Long term conditions

Topics: Medicine, Health care, Rheumatoid arthritis Pages: 18 (3176 words) Published: June 12, 2014


BSc (HONS) PHYSIOTHERAPY SCIENCES
(THREE YEAR FRANCHISED PROGRAMME)

(MALAYSIAN ALLIED HEALTH SCIENCES ACADEMY)
(MAHSA)

Module PT0503
Physiotherapy management of long term conditions
Year 2

Case Scenario 1: RA: Marjory is a 32 year old female. She has been referred for Physiotherapy session, after recurrence of symptoms.

Word Count: 2,186

UNN Reg. No: 12035846

Date of submission: 2nd June 2014

Long-term conditions also known as chronic diseases or non-communicable diseases have been defined by the World Health Organization (WHO, 2005, p.35) as conditions that have origins at young ages take decades to be fully established, with their long duration, requiring a long term and systematic approach to treatment. Plans to transform care for patients with long-term conditions are based on continuing to maintain focus on early intervention and prevention; supporting integrated services shall help the patients and the public have a clear set of rights and patients in turn shall help the health care by undertaking the necessary steps, to take good care of their own health: promoting a preventative, people- centred, and productive care to be delivered (Great Britain. Department of Health, 2009).

Director General of WHO expressed that, “the lives of far too many people in the world are being blighted and cut short by chronic diseases, this is a very serious situation, both for public health and for the societies and economies affected” (WHO, 2005, p. VII), which has raised a need for long term conditions to be managed differently. Goodwin et al (2010, p.61) report that it was recognised, if patients with long-term conditions were managed effectively in the community, they would remain relatively stable and enjoy a quality of life free from frequent crises or observed increases in hospital visits. Chronic diseases have placed a heavy burden on the health care with demand for services and cost for treatment; the economic cost levels incurred; directly by the health care and indirectly by the individuals has also increased, and also increased use of hospital resources, raising need to manage the differently (Canada. Department of Health and Community Services, 2011, p.7). They are time-consuming and some do not require the expertise and skill of a physician, but rather, may be managed by other members of the health care team (Canada. Ontario Medical Association, 2009, p.1). Chronic conditions have an effect on workplaces as regards productivity losses, where modifications have to be made by employers who attain workers with long-term conditions; so there is a need to manage them differently (Canada. Department of health and Community Services, 2011, p.7).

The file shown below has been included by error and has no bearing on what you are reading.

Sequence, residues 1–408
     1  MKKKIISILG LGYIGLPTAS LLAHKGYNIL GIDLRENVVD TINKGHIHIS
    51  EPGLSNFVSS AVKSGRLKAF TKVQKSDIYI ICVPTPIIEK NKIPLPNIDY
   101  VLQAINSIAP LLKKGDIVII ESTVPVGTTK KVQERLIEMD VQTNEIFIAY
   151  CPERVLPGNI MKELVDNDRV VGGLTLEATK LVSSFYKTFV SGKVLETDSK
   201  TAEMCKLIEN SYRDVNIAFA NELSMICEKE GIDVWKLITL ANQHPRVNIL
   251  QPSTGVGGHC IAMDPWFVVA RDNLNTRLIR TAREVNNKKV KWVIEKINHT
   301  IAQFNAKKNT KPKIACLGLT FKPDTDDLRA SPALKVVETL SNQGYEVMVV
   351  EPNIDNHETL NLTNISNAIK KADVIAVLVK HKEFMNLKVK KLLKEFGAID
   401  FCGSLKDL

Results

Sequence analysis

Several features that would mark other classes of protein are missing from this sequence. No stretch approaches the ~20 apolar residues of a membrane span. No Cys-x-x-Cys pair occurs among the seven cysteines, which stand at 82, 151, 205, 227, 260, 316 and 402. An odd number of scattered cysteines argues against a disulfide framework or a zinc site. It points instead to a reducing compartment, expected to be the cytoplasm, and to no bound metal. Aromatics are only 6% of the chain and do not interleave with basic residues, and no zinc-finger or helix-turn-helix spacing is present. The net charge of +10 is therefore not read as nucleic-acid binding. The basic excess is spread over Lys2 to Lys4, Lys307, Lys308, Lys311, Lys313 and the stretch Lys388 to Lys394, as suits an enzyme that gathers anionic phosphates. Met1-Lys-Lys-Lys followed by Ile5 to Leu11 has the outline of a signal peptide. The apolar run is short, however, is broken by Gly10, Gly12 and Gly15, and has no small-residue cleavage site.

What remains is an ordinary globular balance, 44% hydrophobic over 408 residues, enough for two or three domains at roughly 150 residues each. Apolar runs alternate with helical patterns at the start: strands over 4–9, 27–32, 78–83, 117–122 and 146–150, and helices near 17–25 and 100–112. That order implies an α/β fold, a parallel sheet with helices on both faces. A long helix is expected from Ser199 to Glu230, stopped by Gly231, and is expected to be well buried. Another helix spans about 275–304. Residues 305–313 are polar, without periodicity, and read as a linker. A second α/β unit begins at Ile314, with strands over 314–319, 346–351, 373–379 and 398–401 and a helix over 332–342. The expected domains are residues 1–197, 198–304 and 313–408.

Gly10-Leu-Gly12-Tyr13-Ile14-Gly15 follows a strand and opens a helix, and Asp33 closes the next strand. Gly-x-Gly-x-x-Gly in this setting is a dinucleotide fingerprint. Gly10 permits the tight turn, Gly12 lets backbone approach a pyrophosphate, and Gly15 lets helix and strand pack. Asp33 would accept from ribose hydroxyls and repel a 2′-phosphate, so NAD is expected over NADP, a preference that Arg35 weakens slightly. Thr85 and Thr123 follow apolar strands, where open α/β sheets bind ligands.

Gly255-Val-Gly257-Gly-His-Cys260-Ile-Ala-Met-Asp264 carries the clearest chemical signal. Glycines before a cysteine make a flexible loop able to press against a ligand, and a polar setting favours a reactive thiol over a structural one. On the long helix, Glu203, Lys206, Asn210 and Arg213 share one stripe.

Great Britain. Department of Health (2012) published a policy to support the management of long term conditions: improving quality of life for patients with long term conditions. Majority of the health care systems of middle-income countries, including Malaysia, are organised around models of healthcare developed in western countries, such systems are clearly at odds when dealing with long-term and continuing illness that require collaboration across health care sectors and where patient behaviour change forms the primary focus (Yasin et al, 2012, p.3). Malaysia is now implementing the Innovative Care for Chronic Conditions Model (ICCC), for it was developed, recognizing the challenges of the under-resourced and non-integrated health systems in low-and-middle income countries; but still holds focus on encouraging behaviour change at an individual level through improving self-management (Yasin et al, 2012, p.4).

Managing long-term conditions requires key principles to be applied for health care to remain focused with the plans to transform care; the Department of Health, Social Services and Public Safety (Great Britain. Department of Health, Social Services and Public Safety, 2012, p.13) identifies six key principles that...

References: Dures, E. and Hewlett, S. (2012) ‘Cognitive–behavioural approaches to self-management in rheumatic disease’, Perspectives, 8(10), p.553. [Online] Available at: (Accessed: 27 May 2014)
Giavasopoulos, E.K
Great Britain. Department of Health (2012) Policy [Online] Available at: https://www.gov.uk/government/policies/improving-quality-of-life-for-people-with-long-term-c onditions (Accessed: 7 May 2014)
Great Britain
Hammond, A (2004) ‘Rehabilitation in rheumatoid arthritis: A critical review’, Musculoskeletal Care, 2 (3), pp. 135, 143. [Online] Available at: (Accessed: 24 May 2014)
Hayes, W
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